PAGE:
YOUNG potters have helped launched a national pottery auction backed by celebrities.
Children from Inspire, Chorley Youth Zone and their pottery tutor Christine Cherry have kickstarted the auction that will fund life-changing classes for children at three other youth zones across the country.
The online auction, known as FiredUp4, will include 50 unique ceramic artworks donated to fund new pottery studios for children from OnSide Youth Zones.
FiredUp4, founded by artist Kate Malone MBE and backed by DJ Sara Cox, comedian Johnny Vegas and House of Commons Speaker Sir Lindsay Hoyle, is aiming to raise £150,000 for facilities, tutors and classes at Unitas Youth Zone in Edgeware, Future Youth Zone in Dagenham and Warrington Youth Zone.
The event raised more than £100,000 when it was first held in 2020, funding studios at youth zones in Chorley and Wigan where classes have been provided after school for the past year.
This year's auction looks set to be an exciting event as the 50 pieces donated include works by the UK’s leading makers such as Edmund de Waal; Dame Zandra Rhodes; Jennifer Lee; Andrew Wicks and Great Pottery Throw Down judge Rich Miller.
Kate Malone MBE said clay had the power to ignite a spark in children and young people and the classes were about much more than the end-product.
She said: “This project reaches young people who don’t usually have access to ceramic studios, providing them with opportunities to explore their passions and unlock their potential. This is where art can make a difference.”
Classes at Inspire, Chorley Youth Zone, take place for one to two hours a week for four weeks, involving up to six children or young people.
Christine Cherry, a contestant on the latest series of Channel 4’s The Great Pottery Throw Down, leads the classes at Inspire and said the craft makes a huge impact on emotional wellbeing.
She said: “Working with pottery makes a massive difference to the children who come to classes. Some of them are too shy to speak to me when they start and they really open up the more they attend.
“Clay isn’t precious, it’s not pressured. Give children a pencil and they can panic because they think they can’t make a mistake, but they can do whatever they want with clay.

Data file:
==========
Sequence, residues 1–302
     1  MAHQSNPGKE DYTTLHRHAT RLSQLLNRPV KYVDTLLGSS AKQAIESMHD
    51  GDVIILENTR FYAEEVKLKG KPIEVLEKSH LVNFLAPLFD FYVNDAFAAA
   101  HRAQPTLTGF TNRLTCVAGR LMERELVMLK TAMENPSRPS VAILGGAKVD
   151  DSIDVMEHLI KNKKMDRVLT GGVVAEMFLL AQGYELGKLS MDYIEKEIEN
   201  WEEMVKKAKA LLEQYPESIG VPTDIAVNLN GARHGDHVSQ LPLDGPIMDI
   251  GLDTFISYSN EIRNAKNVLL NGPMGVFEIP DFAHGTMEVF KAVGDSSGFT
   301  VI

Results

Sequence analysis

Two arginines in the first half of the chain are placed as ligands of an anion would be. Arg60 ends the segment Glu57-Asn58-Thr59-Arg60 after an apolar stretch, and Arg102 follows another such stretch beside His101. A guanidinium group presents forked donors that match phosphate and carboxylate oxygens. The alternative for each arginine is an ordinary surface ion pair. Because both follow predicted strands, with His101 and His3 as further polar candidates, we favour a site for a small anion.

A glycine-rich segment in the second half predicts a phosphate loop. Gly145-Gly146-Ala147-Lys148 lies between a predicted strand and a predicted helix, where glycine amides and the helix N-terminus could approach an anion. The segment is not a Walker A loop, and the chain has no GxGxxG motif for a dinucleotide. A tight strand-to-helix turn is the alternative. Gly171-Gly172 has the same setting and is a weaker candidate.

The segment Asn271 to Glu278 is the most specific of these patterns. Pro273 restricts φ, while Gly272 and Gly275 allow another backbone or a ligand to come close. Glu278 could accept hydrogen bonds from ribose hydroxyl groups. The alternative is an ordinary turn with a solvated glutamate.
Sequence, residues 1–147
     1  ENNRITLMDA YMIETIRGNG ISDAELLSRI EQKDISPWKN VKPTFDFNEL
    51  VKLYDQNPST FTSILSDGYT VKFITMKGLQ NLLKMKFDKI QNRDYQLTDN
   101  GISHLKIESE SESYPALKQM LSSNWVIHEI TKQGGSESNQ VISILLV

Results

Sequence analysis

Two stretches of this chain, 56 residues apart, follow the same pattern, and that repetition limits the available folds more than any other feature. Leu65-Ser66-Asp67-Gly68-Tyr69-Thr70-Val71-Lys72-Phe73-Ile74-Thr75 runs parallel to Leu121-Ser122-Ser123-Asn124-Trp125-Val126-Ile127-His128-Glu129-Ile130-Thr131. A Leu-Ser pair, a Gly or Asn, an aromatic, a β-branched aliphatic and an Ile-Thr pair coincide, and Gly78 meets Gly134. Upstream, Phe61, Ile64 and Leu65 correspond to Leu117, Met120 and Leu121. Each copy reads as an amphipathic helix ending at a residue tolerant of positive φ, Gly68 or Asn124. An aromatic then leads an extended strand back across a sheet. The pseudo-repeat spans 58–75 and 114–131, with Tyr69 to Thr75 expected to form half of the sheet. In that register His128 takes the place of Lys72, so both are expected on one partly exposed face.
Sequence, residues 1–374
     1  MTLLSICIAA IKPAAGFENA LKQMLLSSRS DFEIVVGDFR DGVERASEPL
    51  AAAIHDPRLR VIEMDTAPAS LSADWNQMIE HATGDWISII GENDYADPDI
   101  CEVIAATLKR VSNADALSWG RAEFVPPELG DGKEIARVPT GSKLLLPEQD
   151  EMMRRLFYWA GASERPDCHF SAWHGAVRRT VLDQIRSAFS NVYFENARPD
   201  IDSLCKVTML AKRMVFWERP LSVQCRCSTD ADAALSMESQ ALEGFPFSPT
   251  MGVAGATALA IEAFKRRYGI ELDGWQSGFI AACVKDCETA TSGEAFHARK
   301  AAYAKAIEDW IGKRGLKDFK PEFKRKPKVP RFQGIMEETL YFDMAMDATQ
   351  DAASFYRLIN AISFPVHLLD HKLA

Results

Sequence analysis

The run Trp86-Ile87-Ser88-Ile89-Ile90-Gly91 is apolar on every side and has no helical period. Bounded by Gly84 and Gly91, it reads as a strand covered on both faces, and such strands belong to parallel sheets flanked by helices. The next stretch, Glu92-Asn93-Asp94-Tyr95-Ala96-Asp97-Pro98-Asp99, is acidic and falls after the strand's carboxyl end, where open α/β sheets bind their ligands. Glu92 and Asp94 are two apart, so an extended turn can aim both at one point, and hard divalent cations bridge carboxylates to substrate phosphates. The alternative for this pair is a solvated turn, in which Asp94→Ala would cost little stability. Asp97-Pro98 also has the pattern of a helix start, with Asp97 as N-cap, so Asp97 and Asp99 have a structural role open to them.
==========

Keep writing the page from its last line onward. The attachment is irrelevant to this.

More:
“Schools have got rid of their kilns and don’t tend to have wheels, so to provide something like this – with the impact it can have on children and young people – is incredible.
"Clay is a dying trade and we want to be able to celebrate clay as an artform and discover the makers of tomorrow.”
Onside Youth Zones have shown to have an impact on the wellbeing of members with 77 per cent noting they are more self-confident and 70 per cent consider themselves to be healthier.
Ella Pullen, ten, has been part of the class since the start. She said: “I like the freedom you get with clay.
"I feel relaxed and calm because of the feeling of the texture of the clay and I always look forward to coming to the classes after school.”
Ellie Spencer, nine, said she enjoyed coming to the class with Christine.
She said: “You can make new friends and try new things. It makes me happy to be here and even if my pot doesn’t turn out right I’ve still had a nice time with my friends.”
Ten-year-old Ashley McClean said she was proud of the clay pots she had made since attending the classes, which are now displayed in her home. She said: “If anyone was thinking of coming to pottery classes I’d say just do it. If you get angry easily, you could come because it’s calming. I look forward to coming here every week.”
Bidding went live during London Craft Week, and will be auctioned by Maak on May 27.
Lots can be viewed at www.firedup4.com